Food security remains a problem after 34 years of Independence

Martin Endjala

Paulus Mbangu, National Council and Member of Parliament says when he reflects on Namibia’s 34th Independence, there is a dark cloud still hanging over the country’s food security and that it is a problem that continues to persist.

Mbangu said Independence Day is a time to celebrate the people, the culture and the history of the sovereign state. Hence the annual celebrations are held, to remind Namibians of all sacrifices made and the good deeds, how it was done, who did it, and how all citizens are historically connected to it.

“We have a lot to celebrate as a country but we also have a lot of shortcomings as a country,” said the MP in response to the significance of Independence.

He stated that it is sad that as Namibia celebrates its 34th independence anniversary the country depends almost exclusively on others to feed its citizens because it failed to address food security due to a lack of political will.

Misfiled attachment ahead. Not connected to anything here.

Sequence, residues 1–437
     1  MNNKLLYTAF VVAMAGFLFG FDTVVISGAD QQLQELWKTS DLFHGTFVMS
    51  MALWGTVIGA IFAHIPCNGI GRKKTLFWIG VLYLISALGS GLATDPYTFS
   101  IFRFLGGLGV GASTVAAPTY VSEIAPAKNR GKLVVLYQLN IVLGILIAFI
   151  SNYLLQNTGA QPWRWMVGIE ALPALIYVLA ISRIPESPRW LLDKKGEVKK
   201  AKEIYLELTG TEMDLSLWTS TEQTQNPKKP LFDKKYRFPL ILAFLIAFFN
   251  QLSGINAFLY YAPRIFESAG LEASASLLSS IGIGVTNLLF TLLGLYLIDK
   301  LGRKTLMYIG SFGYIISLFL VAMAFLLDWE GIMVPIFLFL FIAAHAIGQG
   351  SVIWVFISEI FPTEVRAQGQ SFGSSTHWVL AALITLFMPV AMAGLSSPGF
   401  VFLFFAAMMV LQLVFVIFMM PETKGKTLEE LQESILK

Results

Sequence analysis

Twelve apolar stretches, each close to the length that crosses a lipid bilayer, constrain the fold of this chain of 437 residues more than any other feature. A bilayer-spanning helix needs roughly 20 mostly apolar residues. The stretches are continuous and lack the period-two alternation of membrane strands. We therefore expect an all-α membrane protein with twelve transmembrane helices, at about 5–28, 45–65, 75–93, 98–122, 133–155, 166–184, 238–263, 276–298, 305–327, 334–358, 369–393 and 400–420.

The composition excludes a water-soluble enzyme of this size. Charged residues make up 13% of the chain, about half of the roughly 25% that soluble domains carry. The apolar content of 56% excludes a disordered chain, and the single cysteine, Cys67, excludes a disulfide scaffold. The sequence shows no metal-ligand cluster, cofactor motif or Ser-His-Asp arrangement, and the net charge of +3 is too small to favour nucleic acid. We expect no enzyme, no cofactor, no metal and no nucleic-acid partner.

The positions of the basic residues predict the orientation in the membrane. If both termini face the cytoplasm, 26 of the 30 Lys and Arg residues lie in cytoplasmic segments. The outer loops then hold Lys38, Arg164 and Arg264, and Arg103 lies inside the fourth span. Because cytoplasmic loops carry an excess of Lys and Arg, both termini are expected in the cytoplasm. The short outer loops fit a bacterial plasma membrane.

He believes the state of affairs is an affront to the economic and political sovereignty and he pointed out that access to equitable and quality higher education remains a pipe dream amongst many learners in Namibia.

Particularly, when considering the continuing poor performance of the general education system and the confusion between the institutions of higher learning and the Ministry of Education, Arts and Culture about the admission criteria.

He highlighted that the health sector is performing very poorly, with recent reports suggesting inadequate medicine in hospitals, while poor and unemployed patients are told to go buy medicine in private pharmacies which in essence means sending them to their graves because they can’t afford it.

“In our Constituency, we have one clinic which was built before independence. No hospital was built in Kavango East after independence except the expansion of Rundu Hospital with a maternity ward. Access to quality healthcare remains a pipe dream to the Rural poor,” he argued.

Moreover, he said that rural electrification which is the catalyst for development is another pipe dream to the majority of people in rural areas.

However, with the recently allocated N$130 million towards electrification under the Mines and Energy Ministry, this can be addressed.

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